Jennifer Cook Jennifer Cook,
ARP Consumer Reviewer
(Photo Provided)

Jennifer Cook wants to remove the negative labels from an autism diagnosis. She believes that autism spectrum disorder is marked by “differences in the way people learn, play, and think – it can make you clever and curious, and it can make you nervous and unsure, but all of that is being a person.”

Growing up, she was intelligent and social; however, years later, when her three children were diagnosed with autism, she began to reflect on her own life and saw many of her thoughts and actions in a new light. She was diagnosed with autism shortly afterwards. This was a revelation for her, as it answered many of the “whys” in her life and helped empower her to find solutions that made sense for her life. She found comfort in learning more about how her brain works, which led to reduced anxiety and gave her the confidence to share her beliefs.

Since her diagnosis, she has become a fierce advocate for the autism community, sitting on the Autism Society of America’s (ASA) Council of Autistic Advisors, consulting for a congressional autism research panel, and presenting at locations such as the National Institutes of Health, the White House, and more. She is the on-screen autism expert on the Netflix show, Love on the Spectrum, and has written several bestselling books such as The Asperkids (Secret) Book of Social Rules, a memoir, Autism in Heels, and My Friend Julia: A Sesame Street Book About Autism. In her books, she explores tools that autistic people can use to take charge of their lives.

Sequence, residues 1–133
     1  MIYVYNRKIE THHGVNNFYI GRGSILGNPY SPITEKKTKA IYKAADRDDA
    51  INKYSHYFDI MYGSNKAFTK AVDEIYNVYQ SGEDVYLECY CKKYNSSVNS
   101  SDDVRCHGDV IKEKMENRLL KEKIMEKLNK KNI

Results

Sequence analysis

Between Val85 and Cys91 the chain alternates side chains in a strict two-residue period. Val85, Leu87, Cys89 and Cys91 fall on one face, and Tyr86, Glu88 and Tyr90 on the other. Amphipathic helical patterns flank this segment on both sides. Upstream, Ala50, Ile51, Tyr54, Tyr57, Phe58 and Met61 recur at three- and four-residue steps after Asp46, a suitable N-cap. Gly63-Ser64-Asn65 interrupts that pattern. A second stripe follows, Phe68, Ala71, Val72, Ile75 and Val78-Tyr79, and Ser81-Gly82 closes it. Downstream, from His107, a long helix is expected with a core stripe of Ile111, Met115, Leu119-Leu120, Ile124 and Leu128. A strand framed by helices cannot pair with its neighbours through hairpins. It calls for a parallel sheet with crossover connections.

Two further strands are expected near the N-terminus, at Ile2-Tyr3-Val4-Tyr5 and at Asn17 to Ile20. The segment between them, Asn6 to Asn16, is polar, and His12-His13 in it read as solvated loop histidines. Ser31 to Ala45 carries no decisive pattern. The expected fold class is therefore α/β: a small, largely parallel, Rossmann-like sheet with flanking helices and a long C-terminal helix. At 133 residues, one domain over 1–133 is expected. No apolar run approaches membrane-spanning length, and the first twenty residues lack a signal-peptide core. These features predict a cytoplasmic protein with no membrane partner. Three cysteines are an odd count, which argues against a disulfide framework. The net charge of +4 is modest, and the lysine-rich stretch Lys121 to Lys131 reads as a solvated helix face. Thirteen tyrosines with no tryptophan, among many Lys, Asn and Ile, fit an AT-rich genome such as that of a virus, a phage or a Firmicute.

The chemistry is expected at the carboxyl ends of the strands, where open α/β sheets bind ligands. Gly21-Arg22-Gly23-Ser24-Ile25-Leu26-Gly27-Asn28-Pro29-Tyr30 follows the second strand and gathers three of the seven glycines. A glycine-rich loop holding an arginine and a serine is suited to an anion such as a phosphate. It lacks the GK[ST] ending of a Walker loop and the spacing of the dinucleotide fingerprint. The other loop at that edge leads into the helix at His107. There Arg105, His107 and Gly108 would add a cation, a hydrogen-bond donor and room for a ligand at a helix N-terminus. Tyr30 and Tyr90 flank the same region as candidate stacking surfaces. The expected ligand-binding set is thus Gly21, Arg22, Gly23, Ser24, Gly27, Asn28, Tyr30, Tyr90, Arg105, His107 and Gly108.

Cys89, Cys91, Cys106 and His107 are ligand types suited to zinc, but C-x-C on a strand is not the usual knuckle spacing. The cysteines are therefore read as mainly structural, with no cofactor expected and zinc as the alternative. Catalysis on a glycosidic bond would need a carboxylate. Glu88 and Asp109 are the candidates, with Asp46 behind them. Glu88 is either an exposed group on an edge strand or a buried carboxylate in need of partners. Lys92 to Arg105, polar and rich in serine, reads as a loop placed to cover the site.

As a member of the ASA, Jennifer advocates that the goal of research should be to empower and support the autistic community rather than finding a “cure.” She challenges many stereotypes of autism and advocates for the study of underrepresented areas such as sex differences and speech support for non-speaking autistics. In fiscal year 2022, Jennifer represented the ASA as a consumer peer reviewer for the Department of Defense’s Autism Research Program. As both a self-advocate and autism caregiver, she has brought a different perspective to the program. There is often a disconnect between the views of the autistic community and the research interests of scientists; however, the inclusion of advocates like Jennifer in the process encourages research that is respectful of the opinions of the autism community and focused on the goal of supporting autistic people.

Jennifer continues to advocate that, “Autism is not a tragedy; it’s a neurologic difference.”

More work needs to be done to address the research gaps in the autism field; however, the work of Jennifer and many autism advocates like her is critical to the mission of improving the lives of autistic people, both now and in their future.

The views, opinions, and/or findings contained in this paper are those of the author(s) and should not be construed as an official Department of the Army position, policy, or decision.

Last updated Tuesday, April 4, 2023